More about thusly :
Webster’s Second labels the word “colloquial.” Webster’s Third drops the label and adds a citation from the Congressional Record : “he summoned his counselors and spoke ∼ to them.”
The first and second editions of Fowler’s Modern English Usage make no reference to the word.
Bergen Evans and Cornelia Evans’s A Dictionary of Contemporary American Usage (1957) suggests that the word is “the product of illiteracy or exuberance.” The Evanses’ conclusion: “Thus is an adverb and nothing is gained by attaching the regular adverbial suffix -ly to it.”
Theodore Bernstein’s The Careful Writer (1965) calls the word a casualism, and a superfluous one: “it says nothing that thus does not say.”
Wilson Follett’s Modern American Usage: A Guide (1966) mentions the word in passing: “we add -ly for ridiculous or jocular effects to forms that are already adverbs: muchly , thusly .”
The Merriam-Webster Dictionary of English Usage (1989) makes a point missing from other discussions:
One reason thusly has gradually been able to gain a secure foothold in the language is undoubtedly that it is used primarily in ways that are, to some degree, distinct from the principal uses of thus .M-W points out that “thusly almost always follows the verb it modifies” and that “its most frequent use is as an introductory word preceeding a quotation or other passage set off by a colon.” Zounds! That’s just how I’ve used the word. For instance:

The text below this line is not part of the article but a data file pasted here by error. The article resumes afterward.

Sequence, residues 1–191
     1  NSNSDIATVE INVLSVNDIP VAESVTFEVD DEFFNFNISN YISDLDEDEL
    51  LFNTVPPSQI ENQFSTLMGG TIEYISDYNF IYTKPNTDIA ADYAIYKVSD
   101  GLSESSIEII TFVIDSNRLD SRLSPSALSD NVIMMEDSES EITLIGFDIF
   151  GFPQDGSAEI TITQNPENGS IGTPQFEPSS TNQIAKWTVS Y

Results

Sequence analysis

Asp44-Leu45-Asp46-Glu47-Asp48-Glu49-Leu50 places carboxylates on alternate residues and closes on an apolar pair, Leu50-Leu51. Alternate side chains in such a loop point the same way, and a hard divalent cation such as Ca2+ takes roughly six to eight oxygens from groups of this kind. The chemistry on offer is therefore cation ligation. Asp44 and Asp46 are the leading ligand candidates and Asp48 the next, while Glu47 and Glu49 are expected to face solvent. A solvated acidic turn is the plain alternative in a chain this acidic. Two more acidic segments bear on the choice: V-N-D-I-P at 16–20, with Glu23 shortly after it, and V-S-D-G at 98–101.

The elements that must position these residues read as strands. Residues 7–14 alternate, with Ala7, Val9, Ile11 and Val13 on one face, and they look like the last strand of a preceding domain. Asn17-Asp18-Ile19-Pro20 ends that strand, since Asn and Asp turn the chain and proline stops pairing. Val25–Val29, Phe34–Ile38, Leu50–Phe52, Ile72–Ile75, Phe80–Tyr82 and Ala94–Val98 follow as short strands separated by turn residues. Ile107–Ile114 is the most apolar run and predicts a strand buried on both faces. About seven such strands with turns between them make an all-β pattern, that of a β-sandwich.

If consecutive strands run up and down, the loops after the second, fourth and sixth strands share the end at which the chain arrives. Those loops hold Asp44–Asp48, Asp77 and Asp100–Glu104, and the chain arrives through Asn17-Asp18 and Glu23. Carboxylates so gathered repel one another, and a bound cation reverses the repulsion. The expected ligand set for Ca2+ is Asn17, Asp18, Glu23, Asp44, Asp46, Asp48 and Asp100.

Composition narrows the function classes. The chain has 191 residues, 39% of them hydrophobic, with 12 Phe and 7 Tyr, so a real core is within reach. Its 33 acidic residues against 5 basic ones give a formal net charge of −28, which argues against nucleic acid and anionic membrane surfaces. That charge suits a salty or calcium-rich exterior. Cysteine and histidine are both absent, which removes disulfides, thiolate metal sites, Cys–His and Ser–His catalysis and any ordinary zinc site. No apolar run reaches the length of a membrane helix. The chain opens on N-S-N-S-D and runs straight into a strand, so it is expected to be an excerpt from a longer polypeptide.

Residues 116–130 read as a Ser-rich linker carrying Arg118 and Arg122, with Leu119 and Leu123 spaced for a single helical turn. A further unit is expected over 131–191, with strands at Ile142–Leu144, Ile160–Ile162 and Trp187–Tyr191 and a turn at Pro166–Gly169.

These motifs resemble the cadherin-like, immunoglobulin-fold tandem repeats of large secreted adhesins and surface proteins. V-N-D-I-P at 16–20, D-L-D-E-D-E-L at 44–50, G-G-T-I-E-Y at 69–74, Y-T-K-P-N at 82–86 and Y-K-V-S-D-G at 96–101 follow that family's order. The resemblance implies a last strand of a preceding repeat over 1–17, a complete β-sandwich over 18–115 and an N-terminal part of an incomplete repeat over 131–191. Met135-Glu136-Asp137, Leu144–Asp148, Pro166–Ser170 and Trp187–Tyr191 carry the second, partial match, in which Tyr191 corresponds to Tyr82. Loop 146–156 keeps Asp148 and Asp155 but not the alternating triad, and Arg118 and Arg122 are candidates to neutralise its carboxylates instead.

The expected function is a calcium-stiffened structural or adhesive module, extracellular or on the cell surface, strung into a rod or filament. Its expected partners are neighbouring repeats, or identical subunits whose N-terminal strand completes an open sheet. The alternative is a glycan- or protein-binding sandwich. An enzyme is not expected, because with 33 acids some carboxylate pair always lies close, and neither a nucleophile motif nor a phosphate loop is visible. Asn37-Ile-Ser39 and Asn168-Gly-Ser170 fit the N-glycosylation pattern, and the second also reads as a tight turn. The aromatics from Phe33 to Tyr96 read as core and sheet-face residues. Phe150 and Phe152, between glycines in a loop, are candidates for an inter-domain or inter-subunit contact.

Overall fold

The American Heritage Dictionary . . . defines banausic thusly: &c.I knew I wasn’t being ridiculous or jocular.
The Magic Rub’s maker, Prismacolor, describes the eraser thusly: &c.
M-W is not my favorite usage guide: too often its advice seems to be to do what you like. But I like its advice about thusly :
[W]hatever its origins, thusly is not now merely an ignorant or comic substitute for thus : it is a distinct adverb that is used in a distinct way in standard speech and writing. Knowledge of the subtleties of its use may give you the courage to face down its critics, but if discretion, prudence, or faintheartedness compels you to shun it (or if you just dislike it), our advice is not to replace it automatically with thus but to consider instead a more natural-sounding phrase such as “in this way” or “as follows.”I’m not faint of heart: I’ve restored the two thusly s I’ve quoted above. The third remains gone, replaced by a plain, more suitable as :
Gevalia describes its Traditional Roast[Google’s Ngram Viewer shows thusly rising sharply since 1996.]